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Trend watch: spice up your life?

By Daniel Woolfson

- Last updated on GMT

Zeif: "The longer the marinade time, the better the taste."
Zeif: "The longer the marinade time, the better the taste."

Related tags Caribbean

Jerk chicken may be the public face of Caribbean food, but dig past it and you’ll find a diverse cooking style steeped in tradition… and smothered in spice.

Spice is on the rise. More and more customers are willing to push their culinary boundaries these days, searching for the next great taste. And whilst Caribbean cooking has been moderately popular in Britain already, it’s a culinary goldmine when it comes to unique and delectable recipes.

Top tips

“Whilst Caribbean people like to season their food for a full flavour, they do not use fat and salt for this,” says Trinidadian chef Sabrina Zeif, founder of Kitchen Thyme UK. “They achieve great taste through adding spices and herbs.

According to Zeif, some lesser known standout dishes include plantain with orange rum sauce; sliced plantain baked with syrup made from brown sugar, rum and orange rind then sprinkled with cinnamon, callaloo soup; containing crab or pig tail, okra, callaloo bush and coconut milk and geera pork; which is marinated in green seasoning and cooked with extra cumin and pepper.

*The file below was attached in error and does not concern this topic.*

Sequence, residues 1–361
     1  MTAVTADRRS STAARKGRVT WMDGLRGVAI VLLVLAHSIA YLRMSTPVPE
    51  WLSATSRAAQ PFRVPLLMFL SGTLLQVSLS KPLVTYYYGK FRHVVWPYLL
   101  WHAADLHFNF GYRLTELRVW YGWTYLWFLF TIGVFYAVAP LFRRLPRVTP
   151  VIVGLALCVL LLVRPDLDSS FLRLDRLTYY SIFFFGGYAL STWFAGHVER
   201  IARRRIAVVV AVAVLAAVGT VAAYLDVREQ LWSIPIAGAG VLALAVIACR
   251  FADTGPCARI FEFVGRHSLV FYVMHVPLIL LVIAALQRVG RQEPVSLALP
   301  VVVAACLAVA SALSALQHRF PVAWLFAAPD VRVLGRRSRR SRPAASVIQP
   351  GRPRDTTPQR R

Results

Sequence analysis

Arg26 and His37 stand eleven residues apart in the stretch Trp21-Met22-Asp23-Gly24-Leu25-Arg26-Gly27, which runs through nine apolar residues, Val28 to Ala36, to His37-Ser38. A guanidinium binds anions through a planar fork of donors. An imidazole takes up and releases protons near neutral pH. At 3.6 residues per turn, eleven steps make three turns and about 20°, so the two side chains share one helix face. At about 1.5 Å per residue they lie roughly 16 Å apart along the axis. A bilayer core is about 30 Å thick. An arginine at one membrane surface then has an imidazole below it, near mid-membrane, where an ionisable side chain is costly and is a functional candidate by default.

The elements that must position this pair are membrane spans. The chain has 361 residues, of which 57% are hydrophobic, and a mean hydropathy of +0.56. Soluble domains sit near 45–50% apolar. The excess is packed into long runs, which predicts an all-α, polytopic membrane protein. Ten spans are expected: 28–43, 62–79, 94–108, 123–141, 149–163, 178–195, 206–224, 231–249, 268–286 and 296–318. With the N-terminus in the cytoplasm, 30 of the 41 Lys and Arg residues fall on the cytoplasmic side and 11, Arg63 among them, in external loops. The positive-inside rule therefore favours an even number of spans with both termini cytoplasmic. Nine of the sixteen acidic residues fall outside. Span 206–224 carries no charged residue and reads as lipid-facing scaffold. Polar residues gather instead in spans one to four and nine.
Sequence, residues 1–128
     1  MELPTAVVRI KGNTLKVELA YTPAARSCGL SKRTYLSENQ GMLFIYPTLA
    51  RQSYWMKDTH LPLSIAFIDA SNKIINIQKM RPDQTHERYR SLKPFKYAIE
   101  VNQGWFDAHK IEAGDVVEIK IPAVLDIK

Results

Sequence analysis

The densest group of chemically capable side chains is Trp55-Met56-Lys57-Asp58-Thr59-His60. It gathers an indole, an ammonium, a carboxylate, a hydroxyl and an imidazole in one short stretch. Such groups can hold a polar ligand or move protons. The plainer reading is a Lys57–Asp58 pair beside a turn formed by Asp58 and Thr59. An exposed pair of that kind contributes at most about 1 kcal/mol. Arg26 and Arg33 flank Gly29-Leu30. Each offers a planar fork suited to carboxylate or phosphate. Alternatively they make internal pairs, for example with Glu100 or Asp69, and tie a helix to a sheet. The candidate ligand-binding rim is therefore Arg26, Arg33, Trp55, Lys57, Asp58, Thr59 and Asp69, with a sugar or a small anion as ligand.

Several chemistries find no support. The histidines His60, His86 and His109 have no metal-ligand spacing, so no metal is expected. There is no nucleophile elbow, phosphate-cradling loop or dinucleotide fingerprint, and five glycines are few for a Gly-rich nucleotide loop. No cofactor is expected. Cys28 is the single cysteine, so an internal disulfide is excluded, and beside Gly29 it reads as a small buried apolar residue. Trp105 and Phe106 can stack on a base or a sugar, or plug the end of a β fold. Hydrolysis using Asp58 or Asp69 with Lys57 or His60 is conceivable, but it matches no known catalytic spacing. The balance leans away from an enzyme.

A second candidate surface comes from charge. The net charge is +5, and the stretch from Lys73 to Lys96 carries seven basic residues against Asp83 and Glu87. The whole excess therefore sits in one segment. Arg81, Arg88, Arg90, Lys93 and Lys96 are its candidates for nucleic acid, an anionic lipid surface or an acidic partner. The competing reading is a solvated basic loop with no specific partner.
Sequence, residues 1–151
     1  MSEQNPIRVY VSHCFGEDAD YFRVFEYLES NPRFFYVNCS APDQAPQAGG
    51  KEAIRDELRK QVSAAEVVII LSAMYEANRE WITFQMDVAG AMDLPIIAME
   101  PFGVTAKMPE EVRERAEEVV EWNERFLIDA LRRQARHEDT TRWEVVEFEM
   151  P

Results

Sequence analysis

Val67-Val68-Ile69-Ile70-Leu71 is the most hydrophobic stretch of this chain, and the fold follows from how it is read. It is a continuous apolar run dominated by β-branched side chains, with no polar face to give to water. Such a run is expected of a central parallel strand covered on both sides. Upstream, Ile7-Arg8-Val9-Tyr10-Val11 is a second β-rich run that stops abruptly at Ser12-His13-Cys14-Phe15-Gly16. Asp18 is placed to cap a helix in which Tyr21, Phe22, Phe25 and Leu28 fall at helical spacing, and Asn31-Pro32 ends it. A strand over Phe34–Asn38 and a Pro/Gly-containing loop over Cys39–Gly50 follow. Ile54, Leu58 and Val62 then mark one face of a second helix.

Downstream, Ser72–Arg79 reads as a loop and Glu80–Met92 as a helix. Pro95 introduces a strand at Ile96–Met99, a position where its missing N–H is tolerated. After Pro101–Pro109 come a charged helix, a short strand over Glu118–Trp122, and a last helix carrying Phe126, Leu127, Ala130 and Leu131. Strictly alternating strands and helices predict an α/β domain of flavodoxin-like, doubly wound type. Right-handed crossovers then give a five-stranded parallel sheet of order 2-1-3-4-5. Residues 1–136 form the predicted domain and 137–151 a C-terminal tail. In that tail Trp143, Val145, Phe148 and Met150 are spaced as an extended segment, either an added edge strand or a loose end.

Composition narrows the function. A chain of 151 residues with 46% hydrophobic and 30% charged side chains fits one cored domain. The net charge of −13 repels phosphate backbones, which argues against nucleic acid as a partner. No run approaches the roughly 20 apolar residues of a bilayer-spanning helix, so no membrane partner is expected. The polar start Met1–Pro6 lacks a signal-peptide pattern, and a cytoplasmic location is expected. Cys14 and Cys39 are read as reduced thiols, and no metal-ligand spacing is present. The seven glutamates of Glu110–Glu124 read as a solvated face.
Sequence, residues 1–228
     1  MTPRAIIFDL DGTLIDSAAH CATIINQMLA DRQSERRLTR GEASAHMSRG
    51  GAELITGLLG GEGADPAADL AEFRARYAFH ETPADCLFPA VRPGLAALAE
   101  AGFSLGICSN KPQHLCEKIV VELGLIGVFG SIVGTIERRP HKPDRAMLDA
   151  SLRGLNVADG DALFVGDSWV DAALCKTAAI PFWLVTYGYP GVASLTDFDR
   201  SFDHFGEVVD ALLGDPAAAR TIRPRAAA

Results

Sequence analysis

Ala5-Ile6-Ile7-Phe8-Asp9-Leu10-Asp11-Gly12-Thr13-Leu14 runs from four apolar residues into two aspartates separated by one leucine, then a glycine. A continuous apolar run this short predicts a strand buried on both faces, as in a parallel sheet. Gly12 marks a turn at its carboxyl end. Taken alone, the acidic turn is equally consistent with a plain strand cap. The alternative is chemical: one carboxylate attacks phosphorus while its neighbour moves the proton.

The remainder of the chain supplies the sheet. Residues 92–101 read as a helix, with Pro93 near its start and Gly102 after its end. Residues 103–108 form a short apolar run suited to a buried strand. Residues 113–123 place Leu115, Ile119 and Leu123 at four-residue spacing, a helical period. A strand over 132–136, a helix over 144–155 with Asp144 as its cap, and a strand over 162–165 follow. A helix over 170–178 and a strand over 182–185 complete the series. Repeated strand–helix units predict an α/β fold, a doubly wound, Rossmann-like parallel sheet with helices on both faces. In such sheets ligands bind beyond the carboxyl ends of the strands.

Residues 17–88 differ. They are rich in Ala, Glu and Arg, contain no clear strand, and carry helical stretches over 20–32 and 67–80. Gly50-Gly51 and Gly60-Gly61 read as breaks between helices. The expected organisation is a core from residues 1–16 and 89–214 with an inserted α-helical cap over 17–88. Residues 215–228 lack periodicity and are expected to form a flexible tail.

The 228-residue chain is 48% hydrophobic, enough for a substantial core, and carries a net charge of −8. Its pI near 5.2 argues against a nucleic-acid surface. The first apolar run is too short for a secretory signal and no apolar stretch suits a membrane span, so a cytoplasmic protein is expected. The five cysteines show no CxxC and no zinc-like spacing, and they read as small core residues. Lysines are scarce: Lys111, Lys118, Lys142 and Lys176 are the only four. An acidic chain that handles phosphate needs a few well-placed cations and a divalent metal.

She says: “For great tasting Caribbean dishes my biggest advice is: marinate and season meats before cooking –the longer the marinade time the better the taste.

“I also encourage people not to be afraid of combining spices liberally. Everything must be fresh and in copious quantities. Remember, chilli peppers are added for flavour and not always hear. Finally, I would advise people to not hold back on flavour and when in doubt, add a splash of rum.”


During warmer months, the Scott Arms, Kingston, near Dorset, puts on outdoor Jamaican barbecue with its own dedicated menu.

Some of the dishes on offer include roast whole bream with spring onion and thyme, Jamaican curry mutton, Ital vegetable curry with pumpkin, sweet potatoes, celery and greens and ackee and saltfish with plantain, micro herbs and lime oil.

When the weather isn’t good enough to barbecue, the venue hosts regular Jamaican food evenings for customers.

Caribbean nights

At the Wildmoor Oak, Bromsgrove, Worcestershire, head chef Lorenzo Richards puts on a Caribbean night the last Thursday every month.

The nights run from 6pm to midnight and feature a two course, buffet-style menu, limbo competitions and dancing with Caribbean music.

The site also offers a daily Caribbean menu which includes dishes such as pan fried salmon cooked down in Caribbean sauce with rice and peas, jerk chicken, pork or halloumi on a bed of lightly spiced onions and peppers and curried goat with basmati rice, salad and hardo bread. 

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